Sunday, December 6, 2015

The Birds of Brooklyn

     With a celebrity painted bunting continuing in Prospect Park, my goal today was to highlight the various species that flourish in tho urban green space. The day was also interesting, it felt like the park was hosting so many new visitors today. Much of my conversations with people were about where the bunting is, if I saw it today, where in the park they were, or how to get here or there.
     I saw the bunting on Monday, 11/30/15. I have heard that crowds have grown and people are not following the "rules," more like "ethics," of birding- meaning giving the animal a respectable space and not walking upon the habitat it is living in. If you do visit the bunting, please remember to respect  the habitat and enjoy all that the LeFrak Center green roof has to offer. It is a wonderful little habitat!
     In Prospect today, I recorded 26ish bird species, the "ish" is from the 2 scaup across the lake from where I was, and could not distinguish lesser/greater. Among those 26 was another special park visitor, a good park visit today, for sure! Enjoy:
I didn't even make it off of my block before I saw creatures that I adore... A flock of Brooklyn's famous quaker parrots in a tree on my street.
These parrots can be found in Green-Wood Cemetery (which is just behind where I live), Bay Ridge, Marine Park, and at Brooklyn College. They can be found in other places too, but those are the most well known.
The flock flew over to a median I stood on at McDonald and Caton Avenue, before making their way back to the cemetery.
Back to the cemetery they go!
I found a couple more quakers on a tree on Fort Hamilton Parkway. I saw parrots feeding on the fruits of these trees that I experienced them in 2 years ago. I thought that these trees fruited earlier, but thanks to keeping track of birds through my blog, I stand corrected, these berries were being fed upon in early December. 
 I found that today, I was overdressed for December-- when I say overdressed, I mean dressed as I should have been. My winter jacket and scarf proved to be too much as I observed bees today, large flies buzzing in my ear, and goldenrod and aster flowers still in bloom. Also, some fall foliage still lingers on quite a few trees... Thankfully these parrots are from a temperate region in South America and do just fine in the heat and cold.
My husband liked this picture as uncropped, so I kept it in its original frame.
I squeal when I see this parrot and its mouth full of noms. I am a sucker for animals and cuteness, and understand that I am not to anthropomorphize, but I mean, I totally do it- this is the same look I have on my face when I eat dessert... admit it, you do it too, anthropomorphize... and/or have this same look on your face when you eat dessert.
Upon entering Prospect Park I saw that a black-headed gull was reported just about where I was. And in minutes, there it was!
The Black-headed gull, much smaller than any other gulls on the lake, it was one of 4 species I saw today, the others being ring-billed, herring, and greater black back.
This is rare for the park as this bird usually is more so in salt water and normally would spend their winter more so in Nova Scotia and Europe. So people are going nuts to look at this bunting, and while some visiting and local birders came over to have a look, the average person going to look for the "rainbow bird," as I heard one family (adorably) call it, there was another far away visitor, maybe a bit more modest in its looks, but another great rare visiting bird to see. For most park visitors he may have gone unnoticed as just another seagull.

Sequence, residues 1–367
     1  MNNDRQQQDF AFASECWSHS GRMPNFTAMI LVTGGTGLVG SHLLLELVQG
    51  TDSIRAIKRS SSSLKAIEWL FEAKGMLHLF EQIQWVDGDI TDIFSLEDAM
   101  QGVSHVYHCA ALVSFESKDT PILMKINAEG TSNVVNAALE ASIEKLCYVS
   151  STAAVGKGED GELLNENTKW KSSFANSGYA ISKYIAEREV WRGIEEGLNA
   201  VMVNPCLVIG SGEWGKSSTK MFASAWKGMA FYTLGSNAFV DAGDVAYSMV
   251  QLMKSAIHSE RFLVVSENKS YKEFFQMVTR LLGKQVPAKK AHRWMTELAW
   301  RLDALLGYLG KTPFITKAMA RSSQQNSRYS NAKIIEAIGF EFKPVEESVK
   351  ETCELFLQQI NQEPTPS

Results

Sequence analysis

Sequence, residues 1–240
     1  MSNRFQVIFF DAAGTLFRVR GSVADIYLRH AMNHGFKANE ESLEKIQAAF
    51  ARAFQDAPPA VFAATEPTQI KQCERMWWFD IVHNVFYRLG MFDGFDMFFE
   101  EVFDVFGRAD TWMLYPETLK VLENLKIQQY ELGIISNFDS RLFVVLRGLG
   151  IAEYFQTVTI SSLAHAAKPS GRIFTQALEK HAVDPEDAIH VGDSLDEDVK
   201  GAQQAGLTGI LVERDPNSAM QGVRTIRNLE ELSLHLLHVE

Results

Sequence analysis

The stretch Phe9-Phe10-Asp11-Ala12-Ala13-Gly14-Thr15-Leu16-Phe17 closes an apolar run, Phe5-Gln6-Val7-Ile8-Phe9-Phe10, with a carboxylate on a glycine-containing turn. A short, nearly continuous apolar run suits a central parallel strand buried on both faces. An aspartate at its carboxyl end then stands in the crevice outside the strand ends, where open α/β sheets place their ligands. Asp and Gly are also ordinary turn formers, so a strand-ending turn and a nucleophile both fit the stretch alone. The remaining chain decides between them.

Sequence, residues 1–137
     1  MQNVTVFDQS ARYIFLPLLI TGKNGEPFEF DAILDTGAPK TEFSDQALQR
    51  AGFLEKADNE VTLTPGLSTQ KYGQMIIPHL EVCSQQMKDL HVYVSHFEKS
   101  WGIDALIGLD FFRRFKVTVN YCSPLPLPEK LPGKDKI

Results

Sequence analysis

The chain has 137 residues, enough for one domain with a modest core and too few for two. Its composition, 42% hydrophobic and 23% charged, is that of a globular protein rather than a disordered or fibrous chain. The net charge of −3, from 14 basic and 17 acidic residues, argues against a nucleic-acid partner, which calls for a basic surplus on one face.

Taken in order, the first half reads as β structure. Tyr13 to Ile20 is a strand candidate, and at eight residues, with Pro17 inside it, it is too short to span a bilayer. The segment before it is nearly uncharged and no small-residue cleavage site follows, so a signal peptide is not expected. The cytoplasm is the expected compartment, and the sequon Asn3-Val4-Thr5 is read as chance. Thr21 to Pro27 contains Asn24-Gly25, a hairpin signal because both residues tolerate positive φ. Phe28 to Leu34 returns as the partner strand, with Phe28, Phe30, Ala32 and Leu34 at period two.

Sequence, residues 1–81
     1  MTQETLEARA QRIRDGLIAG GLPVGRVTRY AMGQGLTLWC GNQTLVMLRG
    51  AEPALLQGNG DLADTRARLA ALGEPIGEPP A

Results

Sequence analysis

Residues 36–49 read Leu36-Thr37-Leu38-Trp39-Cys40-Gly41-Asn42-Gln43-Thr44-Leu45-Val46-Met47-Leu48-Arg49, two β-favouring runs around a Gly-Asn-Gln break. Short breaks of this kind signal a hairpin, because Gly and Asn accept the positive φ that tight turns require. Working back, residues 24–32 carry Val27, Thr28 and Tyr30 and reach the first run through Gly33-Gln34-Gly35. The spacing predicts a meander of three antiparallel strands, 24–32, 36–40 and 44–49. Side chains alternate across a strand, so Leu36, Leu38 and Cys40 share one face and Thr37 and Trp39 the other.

But I suppose if you are going to find yourself in fresh water, might as well take advantage and have yourself a nice bath.
A ring billed gull, no longer the little guy on the lake, they seemed so much larger in size in comparison to the black-headed gull.
The lake attracts in many visitors, familiar, like this Northern Shoveler, and rare. During winter, this water source becomes a crucial freshwater habitat for animals to access and benefit from.
Other features, besides size that really distinguish this gull from others: those orange legs and bill. The similar Bonaparte's Gull has a black bill. The black head of the black-headed gull is really only on mature animals in the breeding season. All that remains in winter is that black ear mark.

What a privilege it was to have this bird come so close, it approached the shore while we stood and observed. Other gulls squabbled in the area from handouts of bread, this guy just ducked and covered as the larger and more boisterous ring billed gulls mobbed the shore.
What a wonderful life bird to add to my growing list!
The feeders were quiet today, 5 American goldfinches, mourning doves, squirrels, and one nuthatch were present to take advantage of the free seed. In due time, these feeders will be hopping.
2 red tailed hawks patrolled the skies, also saw Cooper's hawk today, a smaller species than the red tail.
I love the little ruddy ducks, diving and bobbing around on the surface of the lake. Another winter visitor to the wonderful Prospect Park habitat.
     The week ahead looks warm, I hope the bunting really sparks inspiration in people. Inspiration to observe their world a little bit more closely, inspiration to get out into nature, inspiration to conserve habitat, or create wildlife-friendly habitat. I hope the family who went to look for the "rainbow bird" today found it and had the chance to share excitement in seeing something that can happen upon our park in the middle of such an urban ecosystem, nature is pretty cool. It's even more cool when we can experience it first hand, responsibly and share the excitement with others.